Protest attacks terror detentions
Sunday, 3 October, 2004, 18:12 GMT 19:12 UK
The prisoners are being held without trial under UK anti-terrorism laws.
Liberty director Shami Chakrabarti, who was among the protesters, described the current situation as "a scandal".
On Monday Law Lords begin a review of the legality of the detentions and whether evidence possibly obtained by torture can be used against detainees.
The prisoners are held at Belmarsh and Woodhill jails, and Broadmoor Hospital.
The men are being detained under the Anti-Terrorism, Crime and Security Act 2001, introduced after the 11 September attacks.
It allows Home Secretary David Blunkett to detain without trial foreign nationals he suspects of terrorism, but cannot deport because it would endanger their life.
Protesters outside the south London prison braved wet and windy weather to denounce the detention of the men.
Muslim men and women were joined by demonstrators of all ages and races.
Protesters waved home made banners calling for the end of the detentions.
And the angry throng joined in chants of "no detention without trial", as police officers watched from the prison gates.
Ms Chakrabarti, who gave a speech, said: "Nobody should be detained without charge or trial - this is completely contrary to the basic principles of democracy."
"The home secretary has specifically targeted foreign nationals - this law is inflammatory and discriminatory."
She also suggested that, ironically, the anti-terror laws invoked by the home secretary are more likely to endanger members of the public than protect them, by fuelling anger at the British government.
Ms Chakrabarti said: "If we are hypocritical about our democratic values we give ammunition to people who say democracy does not mean anything."
And, visibly pleased at the turnout for the demonstration, Ms Chakrabarti added: "Ordinary people have come to protest because they feel it is an unjust law and feel moved to express themselves."
Many of the speakers represented civil rights groups.
Gayasuddin Siddiqui, who chairs the Muslim Parliament and also addressed the crowd.
He said: "We need to return to people being innocent until proven guilty, otherwise we are all in danger.
Dr Siddiqui compared the detention of the foreign nationals to the situation in Guantanamo Bay.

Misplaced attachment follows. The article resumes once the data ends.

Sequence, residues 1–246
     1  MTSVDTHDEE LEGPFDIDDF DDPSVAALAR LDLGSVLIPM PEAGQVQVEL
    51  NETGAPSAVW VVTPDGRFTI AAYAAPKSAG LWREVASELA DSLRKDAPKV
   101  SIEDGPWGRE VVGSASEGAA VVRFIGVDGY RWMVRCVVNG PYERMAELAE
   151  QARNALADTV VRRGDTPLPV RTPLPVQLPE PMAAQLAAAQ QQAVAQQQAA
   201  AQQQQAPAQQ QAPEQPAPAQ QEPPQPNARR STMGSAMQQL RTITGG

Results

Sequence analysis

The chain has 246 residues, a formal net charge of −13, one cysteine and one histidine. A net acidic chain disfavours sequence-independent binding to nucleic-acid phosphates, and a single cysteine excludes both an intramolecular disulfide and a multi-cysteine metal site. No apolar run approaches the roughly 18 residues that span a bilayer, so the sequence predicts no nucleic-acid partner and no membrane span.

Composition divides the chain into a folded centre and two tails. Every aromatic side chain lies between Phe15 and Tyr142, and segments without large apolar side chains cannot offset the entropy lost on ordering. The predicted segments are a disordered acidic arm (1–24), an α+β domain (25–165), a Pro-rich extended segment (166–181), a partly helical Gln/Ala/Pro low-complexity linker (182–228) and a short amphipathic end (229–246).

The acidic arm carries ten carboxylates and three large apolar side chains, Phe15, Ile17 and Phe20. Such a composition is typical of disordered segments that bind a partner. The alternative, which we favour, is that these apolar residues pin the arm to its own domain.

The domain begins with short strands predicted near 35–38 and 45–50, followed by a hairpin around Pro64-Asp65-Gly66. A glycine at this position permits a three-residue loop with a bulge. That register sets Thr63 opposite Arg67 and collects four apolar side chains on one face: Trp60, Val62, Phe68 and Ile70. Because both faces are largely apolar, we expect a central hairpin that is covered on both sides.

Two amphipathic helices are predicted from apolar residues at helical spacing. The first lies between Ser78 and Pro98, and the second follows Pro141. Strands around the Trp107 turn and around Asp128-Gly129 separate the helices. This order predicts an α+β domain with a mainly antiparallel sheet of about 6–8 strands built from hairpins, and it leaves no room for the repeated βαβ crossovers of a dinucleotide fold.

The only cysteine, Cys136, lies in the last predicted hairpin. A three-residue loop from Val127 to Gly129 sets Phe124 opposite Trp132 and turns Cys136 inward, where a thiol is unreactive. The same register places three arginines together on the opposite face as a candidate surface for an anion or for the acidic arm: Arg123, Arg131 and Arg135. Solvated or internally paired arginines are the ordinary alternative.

Drawing parallels between the UK and US governments, he added: "It is time Tony Blair took note of public feeling and stopped following George Bush like a puppy."
In September an Algerian known as "D" was released from Woodhill, near Milton Keynes, where he had been held since December 2001.
Mr Blunkett said the weight of evidence against him no longer justified his detention.
Of 17 foreigners originally detained under the act, "M" was freed on appeal, "G" was released to house arrest, one was detained under other powers and two have chosen to leave the UK, as allowed by the legislation.
Gareth Peirce, a solicitor who is representing a number of the detainees, also attended the protest.
She said: "These men are intended to be forgotten - they are foreign nationals who are very isolated.
"We are pleased that a significant number of people have remembered these men and the important issues that are going to be argued in the House of Lords."
The wet weather failed to dampen the fervour of the protesters, many of whom grew increasingly incensed as the protest wore on.
Umar Quraishi, a 24 year-old telecommunications worker from south London, said he came to protest because he feels the imprisonment of the men without trial is "absurd".
Mr Quraishi said: "The cases should be opened up so that people know what they are meant to have done.
"As a Muslim I feel that I have a duty to help them and speak up on their behalf."
Sunday's protest follows a similar demonstration held in April.